The Jacob Marley column: A good credit rating

December 8th, 2014, Published in Articles: Energize

 

Sir

This time of the year, as everything winds down (except load-shedding), as old cracks become jokes and rains traditionally flood coal stockpiles (but water remains in short supply), while rock painted black is peddled as coal, when water seeps into cable casings and maintenance and – particularly – catering budgets, are overstretched, is truly a reflective time.

I sought out the three Ghosts of Christmas, as I usually do in these dire times, to soothe my savaged soul.

As we surveyed the barren landscape crisscrossed with dysfunctional transmission lines and executives playing musical chairs, the rolling blackouts thundering across the veld, the pylons tottering precariously in the soggy ground and the mounting mountain of debt growing at an alarming rate, the Ghost of Christmas Past said almost wistfully:

“Oh, how this reminds me of seven years ago, you know, the beginning of it all. Such anticipation. And then – boom. In true progressive fashion, the modern world wants to capitalise on the great splurge feasts earlier and earlier. And in more spectacular fashion too.”

The Ghost of Christmas Future was in a reflective mood. “If only we knew,” he said wistfully, “if this is the beginning of the end, or the end of the beginning, or the end of the end, we would know exactly what to do. What is there left to do?”

“’S true,” agreed the Ghost of Christmas Present, who was very practical. “We should prepare a list so that nothing is overlooked. Like a good credit rating.” The others stared at him.

Scrooge, who had joined the party, nodded and chipped in: “Two price increases –” and, glancing askance at the Ghost of Christmas Present, added quickly, “and, of course, a good credit rating, too.”

“Three billions wasted,” I added soberly, but the Ghost of Christmas Future cut me short. “You know, this reminds me of something. How about retiring four executives?”

“Why?” I asked.

“Why, because they’re competent, of course,” replied the Ghost of Christmas Future. “Can’t have that if you want to waste three billions, can you now? Besides, their packages will add to the waste. Still, the two price increases ought to ensure a good credit rating. The rest isn’t worth a row of beans.” Scrooge, who was fond of counting them, nodded in sage agreement.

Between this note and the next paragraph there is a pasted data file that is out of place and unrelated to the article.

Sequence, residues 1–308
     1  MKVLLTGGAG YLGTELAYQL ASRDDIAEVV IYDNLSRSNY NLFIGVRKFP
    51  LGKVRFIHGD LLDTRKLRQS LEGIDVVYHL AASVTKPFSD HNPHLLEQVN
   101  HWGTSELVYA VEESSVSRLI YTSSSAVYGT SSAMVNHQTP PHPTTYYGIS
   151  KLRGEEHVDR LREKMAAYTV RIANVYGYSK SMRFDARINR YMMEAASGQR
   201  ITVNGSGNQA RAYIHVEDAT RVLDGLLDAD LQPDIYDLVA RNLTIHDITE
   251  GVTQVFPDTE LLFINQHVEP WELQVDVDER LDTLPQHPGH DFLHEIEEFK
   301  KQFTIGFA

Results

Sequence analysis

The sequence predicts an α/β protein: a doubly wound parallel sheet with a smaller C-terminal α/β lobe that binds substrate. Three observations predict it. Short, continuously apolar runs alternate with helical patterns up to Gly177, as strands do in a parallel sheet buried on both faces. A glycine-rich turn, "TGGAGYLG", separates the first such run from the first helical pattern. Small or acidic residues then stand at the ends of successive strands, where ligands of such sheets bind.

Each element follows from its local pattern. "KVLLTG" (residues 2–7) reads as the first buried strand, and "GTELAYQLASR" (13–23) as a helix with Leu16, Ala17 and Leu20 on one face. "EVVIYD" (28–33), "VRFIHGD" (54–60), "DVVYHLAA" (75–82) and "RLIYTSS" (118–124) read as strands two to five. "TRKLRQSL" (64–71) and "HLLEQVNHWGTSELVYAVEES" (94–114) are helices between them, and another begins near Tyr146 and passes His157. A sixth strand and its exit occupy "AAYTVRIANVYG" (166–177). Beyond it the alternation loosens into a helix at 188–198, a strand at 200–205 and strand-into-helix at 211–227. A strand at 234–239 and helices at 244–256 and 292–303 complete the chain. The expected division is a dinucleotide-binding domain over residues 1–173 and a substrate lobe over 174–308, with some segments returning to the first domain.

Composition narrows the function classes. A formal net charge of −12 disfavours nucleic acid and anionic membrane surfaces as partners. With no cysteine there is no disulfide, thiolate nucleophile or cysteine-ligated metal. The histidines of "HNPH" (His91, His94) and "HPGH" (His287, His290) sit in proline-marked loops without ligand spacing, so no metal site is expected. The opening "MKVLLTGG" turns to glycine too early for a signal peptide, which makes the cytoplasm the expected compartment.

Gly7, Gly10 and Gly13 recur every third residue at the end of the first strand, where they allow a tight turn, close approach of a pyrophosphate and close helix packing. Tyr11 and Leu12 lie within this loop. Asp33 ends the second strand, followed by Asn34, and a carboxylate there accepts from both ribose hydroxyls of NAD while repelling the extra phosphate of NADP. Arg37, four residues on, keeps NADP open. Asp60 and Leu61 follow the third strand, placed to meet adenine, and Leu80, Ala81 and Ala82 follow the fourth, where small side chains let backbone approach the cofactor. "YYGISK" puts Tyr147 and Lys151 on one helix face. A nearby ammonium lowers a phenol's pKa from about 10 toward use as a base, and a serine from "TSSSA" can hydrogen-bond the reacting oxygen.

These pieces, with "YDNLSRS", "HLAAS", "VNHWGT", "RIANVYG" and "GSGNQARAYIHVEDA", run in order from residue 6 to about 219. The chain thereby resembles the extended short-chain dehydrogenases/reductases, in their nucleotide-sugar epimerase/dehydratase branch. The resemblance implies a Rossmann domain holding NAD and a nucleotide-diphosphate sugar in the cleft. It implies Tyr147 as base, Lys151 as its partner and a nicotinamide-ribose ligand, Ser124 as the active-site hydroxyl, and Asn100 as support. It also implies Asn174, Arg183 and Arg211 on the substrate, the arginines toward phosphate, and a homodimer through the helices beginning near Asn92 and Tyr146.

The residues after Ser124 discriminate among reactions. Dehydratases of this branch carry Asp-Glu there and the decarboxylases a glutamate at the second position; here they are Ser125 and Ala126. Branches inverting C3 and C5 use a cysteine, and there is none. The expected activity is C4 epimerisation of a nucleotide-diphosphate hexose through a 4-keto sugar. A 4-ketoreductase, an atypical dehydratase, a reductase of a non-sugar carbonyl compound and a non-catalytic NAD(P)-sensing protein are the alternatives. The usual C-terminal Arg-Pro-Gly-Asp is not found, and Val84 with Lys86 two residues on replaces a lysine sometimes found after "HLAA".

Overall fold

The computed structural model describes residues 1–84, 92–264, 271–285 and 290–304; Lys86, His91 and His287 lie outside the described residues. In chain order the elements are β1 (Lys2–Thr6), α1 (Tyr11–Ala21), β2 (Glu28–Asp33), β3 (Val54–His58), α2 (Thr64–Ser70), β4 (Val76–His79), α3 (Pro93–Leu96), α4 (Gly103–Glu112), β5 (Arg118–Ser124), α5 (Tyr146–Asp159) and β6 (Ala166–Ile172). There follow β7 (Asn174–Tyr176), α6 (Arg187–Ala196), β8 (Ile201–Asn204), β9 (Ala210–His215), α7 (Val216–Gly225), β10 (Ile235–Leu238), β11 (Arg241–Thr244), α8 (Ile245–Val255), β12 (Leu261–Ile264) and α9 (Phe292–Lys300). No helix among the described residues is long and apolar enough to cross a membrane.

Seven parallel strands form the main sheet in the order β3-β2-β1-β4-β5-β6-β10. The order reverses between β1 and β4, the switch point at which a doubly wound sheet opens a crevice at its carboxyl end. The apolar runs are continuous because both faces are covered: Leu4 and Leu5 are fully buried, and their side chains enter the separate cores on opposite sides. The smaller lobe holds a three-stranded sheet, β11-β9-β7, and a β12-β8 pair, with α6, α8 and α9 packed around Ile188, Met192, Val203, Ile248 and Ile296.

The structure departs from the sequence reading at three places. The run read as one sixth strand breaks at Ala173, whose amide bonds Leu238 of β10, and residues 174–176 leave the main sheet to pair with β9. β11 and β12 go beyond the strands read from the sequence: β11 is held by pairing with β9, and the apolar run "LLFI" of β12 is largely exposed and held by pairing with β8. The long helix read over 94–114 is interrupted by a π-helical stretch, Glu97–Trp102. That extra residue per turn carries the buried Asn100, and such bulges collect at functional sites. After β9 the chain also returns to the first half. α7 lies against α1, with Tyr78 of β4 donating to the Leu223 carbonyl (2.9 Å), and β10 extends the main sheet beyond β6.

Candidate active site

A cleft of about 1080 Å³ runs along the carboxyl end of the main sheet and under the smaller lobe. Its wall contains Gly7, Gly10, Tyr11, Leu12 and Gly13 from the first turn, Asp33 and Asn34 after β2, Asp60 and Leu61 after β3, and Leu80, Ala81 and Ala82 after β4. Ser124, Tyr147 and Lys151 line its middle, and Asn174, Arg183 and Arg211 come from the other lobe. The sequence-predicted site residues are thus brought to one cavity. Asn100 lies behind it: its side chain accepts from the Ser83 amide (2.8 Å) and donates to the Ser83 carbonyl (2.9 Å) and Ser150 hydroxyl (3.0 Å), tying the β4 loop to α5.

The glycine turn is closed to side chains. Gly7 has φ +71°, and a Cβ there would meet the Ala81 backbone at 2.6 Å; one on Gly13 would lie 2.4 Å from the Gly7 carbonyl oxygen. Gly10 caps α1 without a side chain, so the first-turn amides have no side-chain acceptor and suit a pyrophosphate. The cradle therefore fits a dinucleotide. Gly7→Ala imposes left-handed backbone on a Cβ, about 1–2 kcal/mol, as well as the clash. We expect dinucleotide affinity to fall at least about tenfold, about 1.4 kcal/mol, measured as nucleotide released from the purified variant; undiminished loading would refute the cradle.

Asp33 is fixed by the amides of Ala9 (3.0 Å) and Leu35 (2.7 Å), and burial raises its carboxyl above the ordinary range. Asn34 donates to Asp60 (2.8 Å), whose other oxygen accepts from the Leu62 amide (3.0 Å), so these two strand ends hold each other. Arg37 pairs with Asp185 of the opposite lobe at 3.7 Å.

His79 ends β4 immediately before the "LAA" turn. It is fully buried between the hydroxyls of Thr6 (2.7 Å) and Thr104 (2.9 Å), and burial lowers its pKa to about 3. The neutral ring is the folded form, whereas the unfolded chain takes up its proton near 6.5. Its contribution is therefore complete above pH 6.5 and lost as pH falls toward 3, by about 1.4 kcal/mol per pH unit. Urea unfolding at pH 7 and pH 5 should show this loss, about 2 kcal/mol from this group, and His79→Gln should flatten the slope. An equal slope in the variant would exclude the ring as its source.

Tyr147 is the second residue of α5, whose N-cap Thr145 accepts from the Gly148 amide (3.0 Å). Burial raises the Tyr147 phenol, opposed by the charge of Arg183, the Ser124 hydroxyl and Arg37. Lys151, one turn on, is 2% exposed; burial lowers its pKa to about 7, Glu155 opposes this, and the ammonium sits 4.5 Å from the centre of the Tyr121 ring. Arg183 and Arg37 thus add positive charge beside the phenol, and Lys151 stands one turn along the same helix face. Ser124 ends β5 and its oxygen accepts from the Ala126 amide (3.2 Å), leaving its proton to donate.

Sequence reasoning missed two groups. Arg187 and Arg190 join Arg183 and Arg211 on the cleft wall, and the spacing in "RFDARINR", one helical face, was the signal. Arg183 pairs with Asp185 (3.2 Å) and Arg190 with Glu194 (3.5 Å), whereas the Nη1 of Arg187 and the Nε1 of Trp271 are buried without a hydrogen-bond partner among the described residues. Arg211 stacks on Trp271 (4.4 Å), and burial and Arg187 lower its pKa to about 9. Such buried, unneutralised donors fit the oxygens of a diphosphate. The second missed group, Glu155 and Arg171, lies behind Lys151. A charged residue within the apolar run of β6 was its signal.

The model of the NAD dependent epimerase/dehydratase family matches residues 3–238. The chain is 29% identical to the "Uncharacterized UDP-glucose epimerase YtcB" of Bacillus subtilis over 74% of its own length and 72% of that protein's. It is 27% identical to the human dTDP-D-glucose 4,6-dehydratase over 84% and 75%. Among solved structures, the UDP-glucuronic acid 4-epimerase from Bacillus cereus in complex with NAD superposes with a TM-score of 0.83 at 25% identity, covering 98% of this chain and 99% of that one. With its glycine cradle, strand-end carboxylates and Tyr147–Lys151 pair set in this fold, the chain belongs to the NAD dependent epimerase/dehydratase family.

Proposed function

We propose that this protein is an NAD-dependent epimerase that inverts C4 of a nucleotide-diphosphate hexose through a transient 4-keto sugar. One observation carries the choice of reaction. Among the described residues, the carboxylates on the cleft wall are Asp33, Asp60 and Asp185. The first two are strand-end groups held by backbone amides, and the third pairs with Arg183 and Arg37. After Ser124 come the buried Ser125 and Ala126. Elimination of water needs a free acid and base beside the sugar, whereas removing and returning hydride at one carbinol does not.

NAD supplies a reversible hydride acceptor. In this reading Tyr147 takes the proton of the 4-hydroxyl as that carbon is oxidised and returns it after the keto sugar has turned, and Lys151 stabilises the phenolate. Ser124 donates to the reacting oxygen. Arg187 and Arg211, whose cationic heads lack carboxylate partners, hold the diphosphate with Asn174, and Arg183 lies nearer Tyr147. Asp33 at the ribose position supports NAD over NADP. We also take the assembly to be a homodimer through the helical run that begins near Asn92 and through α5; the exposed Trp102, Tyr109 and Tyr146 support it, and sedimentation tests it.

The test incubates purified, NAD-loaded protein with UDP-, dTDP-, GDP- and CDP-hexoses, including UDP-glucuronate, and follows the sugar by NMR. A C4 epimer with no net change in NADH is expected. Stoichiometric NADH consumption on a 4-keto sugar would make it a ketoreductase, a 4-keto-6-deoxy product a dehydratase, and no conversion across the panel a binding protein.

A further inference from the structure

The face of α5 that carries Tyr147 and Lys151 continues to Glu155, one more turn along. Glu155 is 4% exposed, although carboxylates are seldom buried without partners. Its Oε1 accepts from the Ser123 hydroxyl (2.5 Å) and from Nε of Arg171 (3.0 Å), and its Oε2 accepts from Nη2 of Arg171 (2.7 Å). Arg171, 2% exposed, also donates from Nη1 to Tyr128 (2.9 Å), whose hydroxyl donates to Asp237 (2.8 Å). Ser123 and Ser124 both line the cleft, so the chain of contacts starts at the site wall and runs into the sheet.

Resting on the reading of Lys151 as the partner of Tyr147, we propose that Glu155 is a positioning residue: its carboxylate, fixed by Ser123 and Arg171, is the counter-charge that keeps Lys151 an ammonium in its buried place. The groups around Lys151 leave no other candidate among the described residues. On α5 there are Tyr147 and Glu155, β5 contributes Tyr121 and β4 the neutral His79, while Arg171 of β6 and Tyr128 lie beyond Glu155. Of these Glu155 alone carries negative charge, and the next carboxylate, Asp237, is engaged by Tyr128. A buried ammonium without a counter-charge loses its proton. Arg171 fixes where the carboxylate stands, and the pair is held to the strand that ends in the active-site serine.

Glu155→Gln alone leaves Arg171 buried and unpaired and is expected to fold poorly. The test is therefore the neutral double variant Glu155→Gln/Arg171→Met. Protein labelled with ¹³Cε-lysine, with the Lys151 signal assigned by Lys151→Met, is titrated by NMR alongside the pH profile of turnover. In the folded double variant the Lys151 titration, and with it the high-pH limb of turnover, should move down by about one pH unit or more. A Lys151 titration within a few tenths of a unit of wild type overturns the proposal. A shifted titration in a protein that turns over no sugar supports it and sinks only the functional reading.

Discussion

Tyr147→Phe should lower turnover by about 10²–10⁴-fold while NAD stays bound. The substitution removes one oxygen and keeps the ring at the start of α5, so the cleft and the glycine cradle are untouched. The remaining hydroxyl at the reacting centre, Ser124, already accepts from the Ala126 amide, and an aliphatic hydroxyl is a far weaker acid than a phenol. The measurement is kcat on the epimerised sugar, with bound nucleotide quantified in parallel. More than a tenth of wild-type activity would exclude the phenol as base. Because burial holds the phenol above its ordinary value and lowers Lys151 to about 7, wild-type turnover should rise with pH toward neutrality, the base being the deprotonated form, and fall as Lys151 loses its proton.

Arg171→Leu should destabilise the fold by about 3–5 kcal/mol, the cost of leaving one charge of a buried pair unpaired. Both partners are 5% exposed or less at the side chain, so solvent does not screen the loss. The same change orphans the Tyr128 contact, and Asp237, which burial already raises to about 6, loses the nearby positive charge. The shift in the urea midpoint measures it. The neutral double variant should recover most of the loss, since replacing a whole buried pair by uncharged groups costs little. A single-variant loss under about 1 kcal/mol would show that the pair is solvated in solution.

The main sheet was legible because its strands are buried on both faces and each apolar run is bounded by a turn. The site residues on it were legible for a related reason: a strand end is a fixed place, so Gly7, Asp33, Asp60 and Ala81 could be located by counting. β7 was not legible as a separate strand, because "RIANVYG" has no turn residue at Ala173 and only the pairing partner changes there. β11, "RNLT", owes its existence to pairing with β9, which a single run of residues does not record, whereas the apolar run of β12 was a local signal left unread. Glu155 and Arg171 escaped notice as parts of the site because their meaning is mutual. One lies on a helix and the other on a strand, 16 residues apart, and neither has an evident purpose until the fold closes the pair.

“Indeed, then add the five cables stolen last night,” added the Ghost of Christmas Present, “to balance the four retired execs and the three billion wasted, as long as there are two price increases so that the credit rating remains good, too.”

“What about some really way-out stuff,” suggested the Ghost of Christmas Future, who was on a roll. “Six nuclear stations ought to do that on top of the five cables stolen, four execs retired, three billion wasted, two price increases, and a good credit rating, too.”

“This is really getting catchy,” said the Ghost of Christmas Past. “How about adding seven silos sagging? At least, I mean …”

“Brilliant!” I exclaimed before he could destroy the magic moment.

“Why stop there?” shot back he, “add eight pylons pilfered…”

“Only eight?” frowned Scrooge. “There’s more than just pilfering going on, surely.”

“Oh, don’t worry,” said the ancient Ghost. “It keeps the rhythm going and it sounds like there’s nothing major to worry about. Just like the talking heads on the goggle-box keep telling you there’s no problem. Mercifully, load shedding will usually confirm the worst.”

“It really reminds me of something from the past,” mused the Ghost of Christmas Future. “Eight pylons eh … pilfered, seven silos sagging, six nuclear stations, five cables stolen, four execs retired, three billion wasted, two price increases and a good credit rating too. But what?”

“Get with it,” interjected the Ghost from Christmas Present. “You need the machinery, my man. Boilers and turbines, you know. Nine boilers busted and ten turbines turning, at least.”

“But how do the turbines turn if the boilers are busted?” objected Scrooge.

“Good PR work,’ replied the Ghost of Christmas Present. “At least eleven of them.”

“Ah, I’ve got it!” said the Ghost of Christmas Past. “Eleven PR experts, ten turbines turning, nine boilers busted, eight pylons pilfered, seven silos sagging, six nuclear stations, five cables stolen, four execs retired, three billions wasted, two price increases and a good credit rating too!”

“By George, he’s got it!” I applauded. “But how to round it off?”

“Why, I would have thought that is obvious,” said the Ghost of Christmas Past, now in full stride. “Twelve breakfast briefings! Invite journalists from selected rags once a month to a sumptuous 9-o’clock spread and have a smashing time telling them how well things are going. At the customer’s expense, of course.”

We were all caught up in it now.

“What a vision!” exclaimed the Ghost of Christmas Future, waving his arms and directing the others in the final chorus. “Twelve breakfast briefings, eleven PR experts, ten turbines turning, nine boilers busted, eight pylons pilfered, seven silos sagging, six nuclear stations, five cables stolen, four execs retired, three billion wasted, two price increases and a good credit rating, too.”

As we finished, the lights went out and future was upon us.

And until they are turned on again, I remain,

Sir, your humble and obedient servant

Jacob Marley

 

 

 

 

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